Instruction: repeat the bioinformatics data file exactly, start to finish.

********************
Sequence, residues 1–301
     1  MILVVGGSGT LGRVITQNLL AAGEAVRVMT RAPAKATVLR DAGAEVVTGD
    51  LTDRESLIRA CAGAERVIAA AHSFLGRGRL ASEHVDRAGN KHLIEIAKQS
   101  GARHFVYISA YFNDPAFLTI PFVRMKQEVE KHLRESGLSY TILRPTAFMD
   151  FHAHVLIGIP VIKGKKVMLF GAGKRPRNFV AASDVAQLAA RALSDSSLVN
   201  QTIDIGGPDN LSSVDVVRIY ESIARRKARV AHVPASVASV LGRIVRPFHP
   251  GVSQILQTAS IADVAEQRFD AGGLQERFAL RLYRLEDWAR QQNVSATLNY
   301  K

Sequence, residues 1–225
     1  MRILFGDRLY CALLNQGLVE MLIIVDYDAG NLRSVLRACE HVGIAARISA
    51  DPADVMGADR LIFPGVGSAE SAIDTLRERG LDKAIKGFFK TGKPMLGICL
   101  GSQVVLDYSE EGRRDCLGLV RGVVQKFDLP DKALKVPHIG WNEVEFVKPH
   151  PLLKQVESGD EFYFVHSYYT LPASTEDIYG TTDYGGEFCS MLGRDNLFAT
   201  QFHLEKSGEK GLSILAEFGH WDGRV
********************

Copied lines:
Sequence, residues 1–301
     1  MILVVGGSGT LGRVITQNLL AAGEAVRVMT RAPAKATVLR DAGAEVVTGD
    51  LTDRESLIRA CAGAERVIAA AHSFLGRGRL ASEHVDRAGN KHLIEIAKQS
   101  GARHFVYISA YFNDPAFLTI PFVRMKQEVE KHLRESGLSY TILRPTAFMD
   151  FHAHVLIGIP VIKGKKVMLF GAGKRPRNFV AASDVAQLAA RALSDSSLVN
   201  QTIDIGGPDN LSSVDVVRIY ESIARRKARV AHVPASVASV LGRIVRPFHP
   251  GVSQILQTAS IADVAEQRFD AGGLQERFAL RLYRLEDWAR QQNVSATLNY
   301  K

Sequence, residues 1–225
     1  MRILFGDRLY CALLNQGLVE MLIIVDYDAG NLRSVLRACE HVGIAARISA
    51  DPADVMGADR LIFPGVGSAE SAIDTLRERG LDKAIKGFFK TGKPMLGICL
   101  GSQVVLDYSE EGRRDCLGLV RGVVQKFDLP DKALKVPHIG WNEVEFVKPH
   151  PLLKQVESGD EFYFVHSYYT LPASTEDIYG TTDYGGEFCS MLGRDNLFAT
   201  QFHLEKSGEK GLSILAEFGH WDGRV